|Publication number||US4925400 A|
|Application number||US 07/252,220|
|Publication date||May 15, 1990|
|Filing date||Sep 30, 1988|
|Priority date||Sep 30, 1988|
|Also published as||DE8911648U1|
|Publication number||07252220, 252220, US 4925400 A, US 4925400A, US-A-4925400, US4925400 A, US4925400A|
|Inventors||Bryce W. Blair, Jeffrey M. Norton, Daniel E. Stahl|
|Original Assignee||Amp Incorporated|
|Export Citation||BiBTeX, EndNote, RefMan|
|Patent Citations (10), Non-Patent Citations (4), Referenced by (49), Classifications (9), Legal Events (5)|
|External Links: USPTO, USPTO Assignment, Espacenet|
The present invention relates to the field of electrical connectors and more particularly to means for grounding shielded electrical connectors.
In particular instances mating electrical connectors are brought into mated engagement remote from the ability of a person to manipulate them into proper axial and angular alignment necessary for their corresponding terminals to properly engage and mate in associated pairs. For these connectors their movement together is mechanically constrained and is based on being guided by means on the framework to which they are mounted into approximately the proper axial and angular alignment relative to each other. However, especially on high density connectors having many small terminals, precise alignment is necessary which cannot be practically provided by the framework guiding means, so the connectors must include integral alignment mechanisms which complete the alignment prior to the mating engagement of the terminals. Such precise alignment also assures that the keying mechanisms operate appropriately, to allow keying of connectors intended to mate, and disallow mating of connectors not intended to mate.
Conventional alignment mechanisms include a spaced pair of sturdy elongated alignment posts of substantial diameter extending forwardly from one connector received into corresponding holes of the other connector. Such connectors include rack and panel connectors where one of the connectors is float mounted on its framework and thus is capable of incremental lateral movement, such as are sold by AMP Incorporated, Harrisburg, Pennsylvania under the trade designation METRIMATE Drawer Connector and also connectors such as are disclosed in U. S. Pat. No. 4,664,456. Tapered frustoconical bearing surfaces at the leading ends of the alignment posts engage corresponding tapered frustoconical bearing surfaces comprising entrances to the corresponding holes when the connectors near each other, because the connectors are commonly slightly misaligned both axially and angularly. Upon engagement of the bearing surfaces, the connector permitted to incrementally adjust will move and align itself with the fixed other connector as the alignment posts enter fully into the corresponding holes, the alignment posts being long enough to effect axial alignment of the connectors prior to mating engagement of the contact terminals.
Certain rack and panel connectors are known which are provided with metal plating on the posts and on the wall surfaces of the corresponding holes, the metal plating being conductively connected to chassis ground, which serves to enable discharge of any electrostatic potential (ESD) existing between the connectors prior to the mating of the contact terminals. Theoretically, if the connectors were approaching each other in precise alignment the bearing surfaces of the alignment posts and the corresponding posts would not engage. Thus if the bearing surfaces of the posts and holes were conductive, but no engagement occurred, no discharge would occur of the electrostatic potential to ground prior to engagement of the contact terminals. Although unlikely, that possibility is substantial enough so that ESD protection is not considered assured. In addition, there is a more probable situation wherein the connectors are almost aligned in which case the bearing surfaces would engage only in the latest stages of alignment post entry; it is possible that discharge could occur elsewhere in the connector by nearly touching conductive elements.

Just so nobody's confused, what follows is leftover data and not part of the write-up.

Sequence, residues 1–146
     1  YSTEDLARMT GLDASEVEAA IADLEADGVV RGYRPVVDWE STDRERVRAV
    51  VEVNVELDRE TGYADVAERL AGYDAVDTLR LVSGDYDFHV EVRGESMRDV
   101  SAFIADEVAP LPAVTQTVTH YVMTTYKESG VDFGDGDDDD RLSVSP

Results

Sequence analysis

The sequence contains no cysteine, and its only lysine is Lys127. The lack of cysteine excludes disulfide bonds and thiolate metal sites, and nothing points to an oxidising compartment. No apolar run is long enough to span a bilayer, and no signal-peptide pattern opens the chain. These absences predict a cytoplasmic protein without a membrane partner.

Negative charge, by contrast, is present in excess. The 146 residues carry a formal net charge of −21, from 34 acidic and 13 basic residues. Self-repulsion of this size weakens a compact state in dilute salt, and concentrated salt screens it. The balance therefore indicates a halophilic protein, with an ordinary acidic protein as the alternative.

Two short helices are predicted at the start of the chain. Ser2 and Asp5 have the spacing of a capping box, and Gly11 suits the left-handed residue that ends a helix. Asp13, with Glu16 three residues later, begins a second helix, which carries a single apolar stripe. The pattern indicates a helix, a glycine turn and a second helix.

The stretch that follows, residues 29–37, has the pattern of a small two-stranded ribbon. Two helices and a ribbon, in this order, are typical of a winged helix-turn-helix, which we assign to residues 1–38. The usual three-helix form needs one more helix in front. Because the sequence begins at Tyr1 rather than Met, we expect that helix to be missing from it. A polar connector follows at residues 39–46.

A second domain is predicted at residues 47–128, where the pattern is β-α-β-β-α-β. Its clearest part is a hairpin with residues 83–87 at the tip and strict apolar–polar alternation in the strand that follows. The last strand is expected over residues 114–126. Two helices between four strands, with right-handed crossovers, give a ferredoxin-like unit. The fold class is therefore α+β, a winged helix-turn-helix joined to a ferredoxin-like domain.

It is desirable to obtain a mating pair of connectors which align themselves during a remote or mechanically constrained axial mating procedure and which provide for assured protection against electrostatic potential influence on the electrical connections being established between the connectors and the systems being connected.
Electrical connectors are known for the transmission of electrical signals which must be protected from electromagnetic and radio frequency interference (EMI/RFI), by providing conductive shielding completely around the connectors in their mated state, with the shielding being electrically connected to a conductive grounding shield of the electrical cables as if it were a continuous extension thereof. The conductive shielding of the connectors is most commonly in the form of metal shells within which are inserts of dielectric material housing the terminals terminated to the respective conductor wires of the cables; conductive shielding can also take the form of metallized plating on plastic connector housings. When the connectors are in their mated state there must be no axial gap between the shells laterally of the terminals therewithin, and there must be an electrical connection between the shells of the mating connectors upon mating, preferably a plurality of such connections surrounding the housings therewithin. The conductive shells of the respective connectors enter into grounding engagement with each other prior to terminal mating.